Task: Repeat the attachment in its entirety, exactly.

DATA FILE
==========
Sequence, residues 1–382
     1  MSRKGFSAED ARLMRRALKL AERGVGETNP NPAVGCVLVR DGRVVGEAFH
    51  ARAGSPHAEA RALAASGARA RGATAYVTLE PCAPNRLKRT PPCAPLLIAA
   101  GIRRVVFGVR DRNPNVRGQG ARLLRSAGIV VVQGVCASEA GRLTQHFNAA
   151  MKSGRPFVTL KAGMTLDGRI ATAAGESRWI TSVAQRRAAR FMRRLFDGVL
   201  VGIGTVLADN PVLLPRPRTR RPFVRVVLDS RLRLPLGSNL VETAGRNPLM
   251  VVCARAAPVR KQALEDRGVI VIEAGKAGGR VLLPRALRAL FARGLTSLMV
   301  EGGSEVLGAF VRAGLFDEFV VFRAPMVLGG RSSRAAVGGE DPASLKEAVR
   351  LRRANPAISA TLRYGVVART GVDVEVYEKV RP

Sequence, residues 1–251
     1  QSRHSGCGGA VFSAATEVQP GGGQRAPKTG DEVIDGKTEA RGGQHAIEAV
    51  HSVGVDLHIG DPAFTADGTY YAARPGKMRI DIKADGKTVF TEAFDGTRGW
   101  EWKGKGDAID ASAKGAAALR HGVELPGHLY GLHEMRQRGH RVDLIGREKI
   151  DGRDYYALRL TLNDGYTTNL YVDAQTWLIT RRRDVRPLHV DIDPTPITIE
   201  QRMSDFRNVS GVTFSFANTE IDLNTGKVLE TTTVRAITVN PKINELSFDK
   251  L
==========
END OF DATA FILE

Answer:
Sequence, residues 1–382
     1  MSRKGFSAED ARLMRRALKL AERGVGETNP NPAVGCVLVR DGRVVGEAFH
    51  ARAGSPHAEA RALAASGARA RGATAYVTLE PCAPNRLKRT PPCAPLLIAA
   101  GIRRVVFGVR DRNPNVRGQG ARLLRSAGIV VVQGVCASEA GRLTQHFNAA
   151  MKSGRPFVTL KAGMTLDGRI ATAAGESRWI TSVAQRRAAR FMRRLFDGVL
   201  VGIGTVLADN PVLLPRPRTR RPFVRVVLDS RLRLPLGSNL VETAGRNPLM
   251  VVCARAAPVR KQALEDRGVI VIEAGKAGGR VLLPRALRAL FARGLTSLMV
   301  EGGSEVLGAF VRAGLFDEFV VFRAPMVLGG RSSRAAVGGE DPASLKEAVR
   351  LRRANPAISA TLRYGVVART GVDVEVYEKV RP

Sequence, residues 1–251
     1  QSRHSGCGGA VFSAATEVQP GGGQRAPKTG DEVIDGKTEA RGGQHAIEAV
    51  HSVGVDLHIG DPAFTADGTY YAARPGKMRI DIKADGKTVF TEAFDGTRGW
   101  EWKGKGDAID ASAKGAAALR HGVELPGHLY GLHEMRQRGH RVDLIGREKI
   151  DGRDYYALRL TLNDGYTTNL YVDAQTWLIT RRRDVRPLHV DIDPTPITIE
   201  QRMSDFRNVS GVTFSFANTE IDLNTGKVLE TTTVRAITVN PKINELSFDK
   251  L